chalk board

It’s not easy being a public school advocate in Seattle — or anywhere else for that matter. Issues which seem so simple, take years resolve. Sometimes, they never do.

It’s a heart breaking, soul crushing calling.

Add to that the nature of democracy. It’s messy and painfully slow. People you thought agreed with you, sometimes don’t. You have to stick your neck out. Building consensus is an exhausting, Sisyphean endeavor. Plus, you get to fail publicly — a lot.

Why bother?

Because it matters. Kids understand the meaning of fairness and kindness far better than most adults. If something is wrong, they know it. No amount of adult spin, rationalization, or bull will sway them.

For me, the choice comes down to this: do I really believe every child has value or is that just something I tell myself. Do I have enough faith in my own value to muster the courage to make positive change in the world?

Let’s face it; school, depending on its design, can nurture individuality or crush it. Is the point of public education to develop a child’s talents or to mold them in such a way as to serve someone else’s agenda. This is the urgent question in need of our answer.

First, learn the game.

Seattle Public Schools is overseen by seven elected school board members. This is a good thing. It’s in the best interest of an elected school board to pay attentions to us, so write emails, attend their community meetings, and go to school board meetings. Keep in mind, elected officials don’t stay in office long when they ignore their constituents.

The school board’s duties are to create policy and a balanced budget. They are also tasked with hiring, firing, and evaluating the superintendent. The board also has the authority o instructional materials and spend the district’s money.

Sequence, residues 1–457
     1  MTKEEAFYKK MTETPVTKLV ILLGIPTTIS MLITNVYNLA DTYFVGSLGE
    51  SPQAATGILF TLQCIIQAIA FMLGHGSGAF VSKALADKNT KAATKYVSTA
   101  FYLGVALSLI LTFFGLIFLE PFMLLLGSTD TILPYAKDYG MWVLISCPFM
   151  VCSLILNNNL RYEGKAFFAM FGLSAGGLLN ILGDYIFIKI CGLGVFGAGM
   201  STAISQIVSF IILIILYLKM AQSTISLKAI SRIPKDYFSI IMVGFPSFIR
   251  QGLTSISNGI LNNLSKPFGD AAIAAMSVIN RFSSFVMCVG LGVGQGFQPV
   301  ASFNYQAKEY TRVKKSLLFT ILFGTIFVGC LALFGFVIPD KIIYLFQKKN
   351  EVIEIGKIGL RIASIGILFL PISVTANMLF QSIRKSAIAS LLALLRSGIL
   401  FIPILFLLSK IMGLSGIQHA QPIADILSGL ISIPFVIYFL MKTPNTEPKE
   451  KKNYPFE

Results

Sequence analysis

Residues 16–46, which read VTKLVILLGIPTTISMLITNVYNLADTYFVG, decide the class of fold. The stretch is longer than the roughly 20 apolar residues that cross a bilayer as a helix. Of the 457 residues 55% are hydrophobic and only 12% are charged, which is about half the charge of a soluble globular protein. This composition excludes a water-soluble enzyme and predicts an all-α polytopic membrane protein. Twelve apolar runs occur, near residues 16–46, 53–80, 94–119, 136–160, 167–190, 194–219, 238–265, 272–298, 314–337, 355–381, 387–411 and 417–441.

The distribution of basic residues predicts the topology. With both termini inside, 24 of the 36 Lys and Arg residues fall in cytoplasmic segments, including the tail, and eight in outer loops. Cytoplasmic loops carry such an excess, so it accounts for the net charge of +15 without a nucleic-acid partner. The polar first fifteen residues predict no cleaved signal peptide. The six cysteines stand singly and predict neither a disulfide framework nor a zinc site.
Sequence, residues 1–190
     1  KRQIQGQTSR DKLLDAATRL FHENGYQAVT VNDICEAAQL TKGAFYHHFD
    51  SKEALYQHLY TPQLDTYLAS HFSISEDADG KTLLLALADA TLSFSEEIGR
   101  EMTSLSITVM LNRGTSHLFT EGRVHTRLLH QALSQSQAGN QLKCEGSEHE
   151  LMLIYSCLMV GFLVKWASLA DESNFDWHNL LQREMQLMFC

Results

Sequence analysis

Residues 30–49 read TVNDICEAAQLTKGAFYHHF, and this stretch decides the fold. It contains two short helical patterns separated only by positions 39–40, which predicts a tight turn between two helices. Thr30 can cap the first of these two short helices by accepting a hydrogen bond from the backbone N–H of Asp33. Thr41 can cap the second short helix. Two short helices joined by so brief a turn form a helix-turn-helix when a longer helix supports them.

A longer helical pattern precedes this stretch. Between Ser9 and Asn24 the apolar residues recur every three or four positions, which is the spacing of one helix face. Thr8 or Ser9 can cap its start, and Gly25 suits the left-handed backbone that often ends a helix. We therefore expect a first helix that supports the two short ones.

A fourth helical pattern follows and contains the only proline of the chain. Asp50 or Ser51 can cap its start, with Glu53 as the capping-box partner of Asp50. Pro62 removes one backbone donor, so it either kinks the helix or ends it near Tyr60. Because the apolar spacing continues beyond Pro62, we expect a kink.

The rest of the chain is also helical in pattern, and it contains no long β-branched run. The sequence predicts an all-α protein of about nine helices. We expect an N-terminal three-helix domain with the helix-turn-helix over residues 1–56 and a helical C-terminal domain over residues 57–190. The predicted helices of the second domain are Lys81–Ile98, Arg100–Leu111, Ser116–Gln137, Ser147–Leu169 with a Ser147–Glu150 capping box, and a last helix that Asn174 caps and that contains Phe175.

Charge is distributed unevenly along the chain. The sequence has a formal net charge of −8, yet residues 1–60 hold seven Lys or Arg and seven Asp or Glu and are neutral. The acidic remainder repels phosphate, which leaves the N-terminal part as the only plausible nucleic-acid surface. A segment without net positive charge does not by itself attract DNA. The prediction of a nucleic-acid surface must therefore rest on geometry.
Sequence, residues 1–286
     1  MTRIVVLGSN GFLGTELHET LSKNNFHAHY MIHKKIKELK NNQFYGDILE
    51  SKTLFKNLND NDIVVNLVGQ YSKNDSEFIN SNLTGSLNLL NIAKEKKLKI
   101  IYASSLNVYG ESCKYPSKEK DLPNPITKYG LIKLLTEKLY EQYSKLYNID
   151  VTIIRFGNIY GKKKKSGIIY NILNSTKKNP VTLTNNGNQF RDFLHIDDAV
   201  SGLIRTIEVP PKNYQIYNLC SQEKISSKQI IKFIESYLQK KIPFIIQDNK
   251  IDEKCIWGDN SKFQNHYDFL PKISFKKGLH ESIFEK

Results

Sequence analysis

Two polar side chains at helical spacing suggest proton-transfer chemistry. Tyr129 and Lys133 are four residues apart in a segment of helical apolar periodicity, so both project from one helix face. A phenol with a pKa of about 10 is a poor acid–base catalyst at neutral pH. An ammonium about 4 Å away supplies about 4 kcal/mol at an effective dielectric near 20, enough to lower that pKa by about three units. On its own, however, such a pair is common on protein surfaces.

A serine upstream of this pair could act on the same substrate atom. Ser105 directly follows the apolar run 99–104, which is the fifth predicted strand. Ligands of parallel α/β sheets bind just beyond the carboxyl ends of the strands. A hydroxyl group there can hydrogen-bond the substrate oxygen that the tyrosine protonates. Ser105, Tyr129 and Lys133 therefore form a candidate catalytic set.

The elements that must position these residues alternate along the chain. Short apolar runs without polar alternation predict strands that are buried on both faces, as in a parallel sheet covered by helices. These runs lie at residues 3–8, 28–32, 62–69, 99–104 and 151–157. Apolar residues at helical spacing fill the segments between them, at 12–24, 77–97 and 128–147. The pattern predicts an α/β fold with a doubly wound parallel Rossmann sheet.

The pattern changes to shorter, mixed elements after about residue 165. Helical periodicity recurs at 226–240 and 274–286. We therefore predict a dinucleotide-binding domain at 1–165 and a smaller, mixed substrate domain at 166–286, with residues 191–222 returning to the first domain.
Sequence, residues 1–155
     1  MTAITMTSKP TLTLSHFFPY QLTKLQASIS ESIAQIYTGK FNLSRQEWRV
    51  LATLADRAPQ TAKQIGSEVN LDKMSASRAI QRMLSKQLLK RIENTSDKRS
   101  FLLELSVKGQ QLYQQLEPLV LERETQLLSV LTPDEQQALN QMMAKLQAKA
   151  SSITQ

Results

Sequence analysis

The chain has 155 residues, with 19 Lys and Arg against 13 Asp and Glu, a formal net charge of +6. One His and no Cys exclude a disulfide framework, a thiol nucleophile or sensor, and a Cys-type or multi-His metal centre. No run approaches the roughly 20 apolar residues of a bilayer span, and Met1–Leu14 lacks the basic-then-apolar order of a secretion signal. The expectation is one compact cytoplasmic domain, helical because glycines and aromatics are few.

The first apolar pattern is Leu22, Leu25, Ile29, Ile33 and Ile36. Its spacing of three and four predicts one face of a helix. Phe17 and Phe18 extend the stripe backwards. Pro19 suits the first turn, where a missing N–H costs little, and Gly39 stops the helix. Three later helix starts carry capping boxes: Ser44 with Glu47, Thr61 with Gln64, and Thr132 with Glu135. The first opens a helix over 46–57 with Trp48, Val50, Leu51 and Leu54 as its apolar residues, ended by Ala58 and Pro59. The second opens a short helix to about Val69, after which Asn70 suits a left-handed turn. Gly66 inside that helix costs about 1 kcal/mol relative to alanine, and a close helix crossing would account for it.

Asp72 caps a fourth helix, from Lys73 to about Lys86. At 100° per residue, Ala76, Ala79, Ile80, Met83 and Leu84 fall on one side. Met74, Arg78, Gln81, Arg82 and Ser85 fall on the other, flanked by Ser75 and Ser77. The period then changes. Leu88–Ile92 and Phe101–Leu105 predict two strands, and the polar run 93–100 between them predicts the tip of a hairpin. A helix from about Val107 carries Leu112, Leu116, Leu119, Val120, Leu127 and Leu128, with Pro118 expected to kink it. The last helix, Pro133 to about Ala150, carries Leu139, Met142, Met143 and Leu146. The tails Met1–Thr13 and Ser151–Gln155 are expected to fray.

Here’s the tricky part: the superintendent is the person who is actually in charge of implementing the policies created by the school board. Problems arise when the superintendent is not familiar with, ignores, or otherwise circumvents board policy. (Google lawlessness + Seattle Public Schools to see what sort of problems occur when this happens.)

Remember: the superintendent isn’t elected. Voters and parents hold little sway over this position. The best we can do is lobby school board members.

Incidentally, school board members are under tremendous pressure to work in a collaborative and united fashion. A superintendent who disregards policy creates friction for the board and school community.

Second, keep an eye on the players.

Make it a point to keep yourself up to date on what’s happening in the district. If something happens that seems fishy, write the school board, go to a director’s community meeting, or sign up to speak at a school board meeting.

But don’t just share the bad news. Everyday I see amazing things happen in my kids’ schools. It’s happening in your school too. When it does, share it with the board as well.

Finally, seek out other parents who are passionate about public education. They’re out there, just waiting for an encouraging word to take their advocacy to the next level.

Carolyn Leith